As of early this week, ministries had abolished 738 business conditions, or just a trivial 12.5%, according to news site However, Minister Mai Tien Dung noted that ministries have announced plans to review and trim business conditions and inspections, but in reality, such plans have not been actualized. The minister, who is entrusted by the Prime Minister to supervise this administrative reform program, remarked on the news site that there are many instances of business conditions and commodity inspections being merged together, so “commodities must still undergo inspections as usual.”

Dau Anh Tuan, head of legislation at VCCI, observed in Nguoi Lao Dong that there are cases of State agencies abusing their power, putting forth business conditions beyond the need to control business risks. Most recently, businesses have decried regulations in Decree 87/2018/ND-CP on gas trade, compelling gas traders to write down unnecessary information such as the number of gas cylinders filled and distributed each day, and the serial numbers of such gas cylinders, while gas agents are also required to do the same. Gas traders say each of them distributes thousands of products a day, so the requirement is time-consuming, costly and unfeasible.

Pham Chi Lan, a veteran economist, suggests in the newspaper that there should be ways to fight business conditions being hidden in other conditions or in other forms that continue to discourage business.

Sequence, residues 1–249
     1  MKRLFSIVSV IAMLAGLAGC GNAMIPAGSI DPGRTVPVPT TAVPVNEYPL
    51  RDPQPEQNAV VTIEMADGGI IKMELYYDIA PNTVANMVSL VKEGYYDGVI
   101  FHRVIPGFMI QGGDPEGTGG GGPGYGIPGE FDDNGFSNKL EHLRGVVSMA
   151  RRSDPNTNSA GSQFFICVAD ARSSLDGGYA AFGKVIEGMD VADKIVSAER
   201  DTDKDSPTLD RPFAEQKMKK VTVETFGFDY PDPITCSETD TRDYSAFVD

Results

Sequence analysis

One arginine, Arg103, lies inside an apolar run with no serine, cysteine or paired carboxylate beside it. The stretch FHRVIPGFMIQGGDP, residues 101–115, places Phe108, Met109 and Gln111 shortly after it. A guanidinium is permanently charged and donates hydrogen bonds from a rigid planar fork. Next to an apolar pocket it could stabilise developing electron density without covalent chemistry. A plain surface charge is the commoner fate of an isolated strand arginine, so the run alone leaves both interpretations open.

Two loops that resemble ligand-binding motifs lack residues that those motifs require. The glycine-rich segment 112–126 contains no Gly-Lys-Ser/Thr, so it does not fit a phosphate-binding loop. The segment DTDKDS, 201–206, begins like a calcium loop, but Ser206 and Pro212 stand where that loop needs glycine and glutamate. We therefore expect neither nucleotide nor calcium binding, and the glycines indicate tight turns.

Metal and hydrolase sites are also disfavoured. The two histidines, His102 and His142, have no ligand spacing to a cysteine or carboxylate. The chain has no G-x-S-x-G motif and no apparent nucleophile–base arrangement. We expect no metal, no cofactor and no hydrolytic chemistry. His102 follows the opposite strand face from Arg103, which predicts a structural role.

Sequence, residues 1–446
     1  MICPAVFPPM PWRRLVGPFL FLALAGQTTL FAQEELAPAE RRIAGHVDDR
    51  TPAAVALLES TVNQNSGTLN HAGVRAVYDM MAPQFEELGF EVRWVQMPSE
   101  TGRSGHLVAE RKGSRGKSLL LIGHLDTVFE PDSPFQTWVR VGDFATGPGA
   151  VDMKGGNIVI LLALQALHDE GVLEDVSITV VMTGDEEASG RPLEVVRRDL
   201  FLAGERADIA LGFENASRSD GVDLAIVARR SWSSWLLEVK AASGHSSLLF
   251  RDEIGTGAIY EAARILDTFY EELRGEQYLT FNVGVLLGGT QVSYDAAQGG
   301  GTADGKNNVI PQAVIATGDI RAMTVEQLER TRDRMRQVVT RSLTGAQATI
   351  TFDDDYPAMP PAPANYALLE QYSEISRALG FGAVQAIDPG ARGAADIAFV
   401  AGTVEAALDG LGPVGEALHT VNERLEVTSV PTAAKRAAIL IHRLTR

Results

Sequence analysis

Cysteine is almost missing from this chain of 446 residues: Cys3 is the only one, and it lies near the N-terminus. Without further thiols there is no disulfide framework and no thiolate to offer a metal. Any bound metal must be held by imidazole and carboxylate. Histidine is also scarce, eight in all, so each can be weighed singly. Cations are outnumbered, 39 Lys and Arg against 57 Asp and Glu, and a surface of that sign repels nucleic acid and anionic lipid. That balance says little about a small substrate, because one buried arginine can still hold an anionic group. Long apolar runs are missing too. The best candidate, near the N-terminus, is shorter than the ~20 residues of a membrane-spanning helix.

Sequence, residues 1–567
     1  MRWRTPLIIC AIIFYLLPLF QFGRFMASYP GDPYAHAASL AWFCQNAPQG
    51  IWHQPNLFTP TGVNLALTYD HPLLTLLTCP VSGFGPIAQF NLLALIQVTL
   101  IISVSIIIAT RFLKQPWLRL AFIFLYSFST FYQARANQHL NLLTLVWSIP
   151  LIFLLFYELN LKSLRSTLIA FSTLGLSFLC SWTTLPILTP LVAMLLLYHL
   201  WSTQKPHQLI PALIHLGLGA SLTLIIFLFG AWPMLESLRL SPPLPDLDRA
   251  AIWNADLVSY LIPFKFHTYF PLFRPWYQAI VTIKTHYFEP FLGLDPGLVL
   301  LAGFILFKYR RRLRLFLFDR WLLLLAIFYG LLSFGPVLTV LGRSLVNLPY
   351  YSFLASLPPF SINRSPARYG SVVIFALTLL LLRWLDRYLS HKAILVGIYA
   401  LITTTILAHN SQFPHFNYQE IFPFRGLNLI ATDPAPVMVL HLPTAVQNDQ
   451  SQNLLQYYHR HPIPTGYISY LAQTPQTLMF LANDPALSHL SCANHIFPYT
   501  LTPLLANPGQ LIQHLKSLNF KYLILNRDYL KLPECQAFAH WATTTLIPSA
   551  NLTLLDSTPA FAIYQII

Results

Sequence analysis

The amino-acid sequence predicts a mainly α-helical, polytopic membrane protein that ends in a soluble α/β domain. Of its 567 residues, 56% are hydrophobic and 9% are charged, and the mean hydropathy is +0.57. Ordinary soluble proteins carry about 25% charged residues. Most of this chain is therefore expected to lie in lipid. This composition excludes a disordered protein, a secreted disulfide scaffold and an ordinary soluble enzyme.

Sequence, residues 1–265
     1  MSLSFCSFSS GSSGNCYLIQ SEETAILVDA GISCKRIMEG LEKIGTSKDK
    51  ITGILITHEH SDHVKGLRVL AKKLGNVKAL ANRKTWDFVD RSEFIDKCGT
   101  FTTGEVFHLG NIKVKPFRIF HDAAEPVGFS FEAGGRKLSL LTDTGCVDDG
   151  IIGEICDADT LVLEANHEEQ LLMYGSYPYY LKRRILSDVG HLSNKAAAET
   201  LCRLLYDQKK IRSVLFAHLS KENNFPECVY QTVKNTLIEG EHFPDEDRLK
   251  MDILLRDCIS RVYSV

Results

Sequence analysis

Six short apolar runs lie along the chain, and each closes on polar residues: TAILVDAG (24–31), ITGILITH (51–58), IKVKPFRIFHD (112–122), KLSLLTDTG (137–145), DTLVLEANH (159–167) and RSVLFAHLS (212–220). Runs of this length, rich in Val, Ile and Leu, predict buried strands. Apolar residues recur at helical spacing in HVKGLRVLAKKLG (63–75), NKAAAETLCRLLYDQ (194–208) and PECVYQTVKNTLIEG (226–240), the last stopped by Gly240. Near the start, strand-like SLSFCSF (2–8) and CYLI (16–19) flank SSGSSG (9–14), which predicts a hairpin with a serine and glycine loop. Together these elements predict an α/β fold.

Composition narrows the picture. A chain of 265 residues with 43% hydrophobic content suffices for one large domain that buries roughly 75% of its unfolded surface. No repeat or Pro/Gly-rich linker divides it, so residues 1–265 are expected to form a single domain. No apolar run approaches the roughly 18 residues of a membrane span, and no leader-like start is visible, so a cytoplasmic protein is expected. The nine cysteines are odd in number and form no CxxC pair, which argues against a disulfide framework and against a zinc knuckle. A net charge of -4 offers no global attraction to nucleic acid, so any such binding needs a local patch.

VnEconomy cites data from VCCI to say that State agencies each year issue around 1,000 legal documents, most under the form of circulars by ministries, and around half of them relate to businesses. Therefore, there are risks of new business conditions springing up, despite the Government’s efforts to make the business environment liberal.

Business conditions and specialized inspections are the two biggest challenges for enterprises, and many such administrative procedures have persisted for years despite complaints and protests from the business community, according to Vietnamnet.

The news site refers to a decree on rice trading that contained numerous unreasonable provisions, but it still persisted for eight years before being abolished. “The time needed to remove the wrong rules is even longer than the average life span of a local enterprise,” says the news site. Commenting on this aspect, Pham Chi Lan says that even for positive changes in the legal corridor, the process normally last two or three years, a time length enough to kill off thousands of enterprises.

Ministries, according to local media, are racing against the time to accomplish their tasks assigned by the Prime Minister, but there are concerns such a process may not yield good fruit without greater pressure from leaders, says Nguyen Dinh Cung, head of the Central Institute for Economic Management, in

From another angle, VCCI President Vu Tien Loc says in that the key to breakthroughs in this administrative reform is to hand over the job to independent agencies rather than allowing ministries to do this task themselves. Since ministers are assigning the administrative reform job to departments and divisions under their ministries, such subordinate agencies do not have the intrinsic incentive to do so.

“Those agencies with the licensing power will seek ways to retain their power,’ says Loc of VCCI. And thus, the abolishment of business conditions is also conditional: unless their power is intact.